Actually - since the utility was owned by the city - the decision was based on a popular referendum, which sailed through. Needless to say that the established telcos and cable providers fought tooth and nail to kill the referendum.
The interesting thing was that Swisscom (the largest telco and ex-federal monopolist) argued that fiber is not necessary and too costly.
After EWZ (the utility) started construction the private providers went into hyperventilation mode and started their own construction. Later the networks merged into one fiber network.
The network is managed, and I think wisely so, in a way that EWZ grants equal access to private ISPs which then compete for customers. They don't act as an ISP.
While in the first step construction was in the most dense areas of the city the network is now extended to the entire city. Extension was also accepted by popular referendum.
Would construction not have been started by a government owned utility (well, that's us the citizens - we don't necessarily see government as the enemy) we could be sure to wait an additional 10 years until private entities would have deemed it profitable enough to step in.
This is the model I see as ideal and it always baffles me why it's so rarely mentioned as an option. Make the fiber network a public grid like roads, water, sewer, power. Then sell access to private companies to deal with the connectivity, services (TV/VoIP) and support. I'd say the technology is mature enough that we don't need competition to pick what kind of network works best anymore.
edit: Rephrased: I don't understand why the cities would give so much free stuff to Google for them to set up their fiber network instead of just... setting up their own fiber network that's then actually owned by the public.
In either case they're "picking winners". They also "know" that Comcast, Time Warner, etc "know what they're doing", and we've all seen how that turned out. At least if they're the one commissioning it, they have any kind of power to fix things when they go wrong.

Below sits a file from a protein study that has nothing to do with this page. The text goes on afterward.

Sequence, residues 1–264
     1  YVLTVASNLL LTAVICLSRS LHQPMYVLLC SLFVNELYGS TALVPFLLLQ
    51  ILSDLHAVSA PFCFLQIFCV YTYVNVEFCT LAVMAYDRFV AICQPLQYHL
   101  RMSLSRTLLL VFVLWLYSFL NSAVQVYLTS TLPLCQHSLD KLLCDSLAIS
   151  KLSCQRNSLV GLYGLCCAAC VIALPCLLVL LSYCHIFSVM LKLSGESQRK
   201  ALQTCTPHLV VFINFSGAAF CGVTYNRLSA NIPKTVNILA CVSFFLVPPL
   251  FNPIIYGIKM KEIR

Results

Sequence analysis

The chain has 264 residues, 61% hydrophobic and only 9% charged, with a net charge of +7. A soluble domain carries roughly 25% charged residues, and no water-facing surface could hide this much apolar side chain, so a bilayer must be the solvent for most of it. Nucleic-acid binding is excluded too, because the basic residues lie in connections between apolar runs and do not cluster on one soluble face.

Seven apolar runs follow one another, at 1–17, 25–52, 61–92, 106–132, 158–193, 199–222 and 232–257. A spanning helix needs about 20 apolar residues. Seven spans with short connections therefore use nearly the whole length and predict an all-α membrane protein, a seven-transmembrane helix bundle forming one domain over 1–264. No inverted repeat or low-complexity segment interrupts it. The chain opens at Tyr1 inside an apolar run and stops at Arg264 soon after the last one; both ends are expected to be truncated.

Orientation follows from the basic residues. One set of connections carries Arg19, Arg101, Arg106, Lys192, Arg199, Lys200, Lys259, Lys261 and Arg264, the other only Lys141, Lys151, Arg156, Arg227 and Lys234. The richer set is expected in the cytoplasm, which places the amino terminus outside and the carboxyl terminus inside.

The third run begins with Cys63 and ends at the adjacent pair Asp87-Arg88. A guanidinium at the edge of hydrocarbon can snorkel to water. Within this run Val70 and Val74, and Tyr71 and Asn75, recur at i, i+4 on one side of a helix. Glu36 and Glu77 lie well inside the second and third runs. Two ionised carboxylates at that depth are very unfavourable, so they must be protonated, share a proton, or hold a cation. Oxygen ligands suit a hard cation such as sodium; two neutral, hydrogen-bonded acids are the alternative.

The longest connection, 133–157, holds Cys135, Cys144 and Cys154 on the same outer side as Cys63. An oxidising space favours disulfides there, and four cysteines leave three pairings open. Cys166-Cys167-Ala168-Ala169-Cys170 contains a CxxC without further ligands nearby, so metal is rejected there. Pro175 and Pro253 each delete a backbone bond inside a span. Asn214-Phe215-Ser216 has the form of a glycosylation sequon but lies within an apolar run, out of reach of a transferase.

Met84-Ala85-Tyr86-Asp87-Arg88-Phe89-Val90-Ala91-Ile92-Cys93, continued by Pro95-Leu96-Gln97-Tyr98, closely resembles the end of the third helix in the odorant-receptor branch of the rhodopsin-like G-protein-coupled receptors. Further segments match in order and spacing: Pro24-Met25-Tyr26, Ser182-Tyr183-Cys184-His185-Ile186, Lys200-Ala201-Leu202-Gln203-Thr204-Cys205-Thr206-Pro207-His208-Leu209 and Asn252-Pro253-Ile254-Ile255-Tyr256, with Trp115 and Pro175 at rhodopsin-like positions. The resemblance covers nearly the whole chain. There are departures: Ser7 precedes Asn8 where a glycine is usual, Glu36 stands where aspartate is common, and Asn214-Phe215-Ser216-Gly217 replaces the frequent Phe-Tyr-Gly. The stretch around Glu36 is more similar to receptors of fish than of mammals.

And Google has terrible /nonexistant customer service Ernestine the operator would be a major improvement in customer service for google.
Google has zero experience in both building/running/maintaining physical telco plant.
The Customer Service is an issue, but I think their innovative approach to CS could be one of the biggest benefits, throwing brains at problems as opposed to more clueless people answering phones seems like a good thing. Infact, on this note, analysing vast amounts of data for trends and problems is exactly the sort of thing Google is amazing at.. and most faults with internet service can be identified, and remotely resolved, in this very manner.
- Setting up billing and payments
- Altering billing payments
- Adjusting for outages
- Scheduling repair vans
- Scheduling installation
- Answering clueless customer questions
Now I completely understand how Google may just defer much of those types of issues to a central website but I know plenty of people that refuse to use a service because of lacking telephone support. Google might be happy going that way but I wouldn't pretend it is good CS.
Theres the whole "oles and poles" aspect and providing power to the cabs and the plant to name but two diferences.
and in Google datacentres they don't care of a blade or a rack drops off but in this case thats x subs that have just lost service.
Sure AT&T knows what they are doing. However they have a very clear track record of over charging and under delivering.
Isn't Google providing the actual capital to pay workers in trucks to dig holes and string fiber? It looks to me like the "free stuff" falls almost entirely into the category of the expedited cutting of red tape.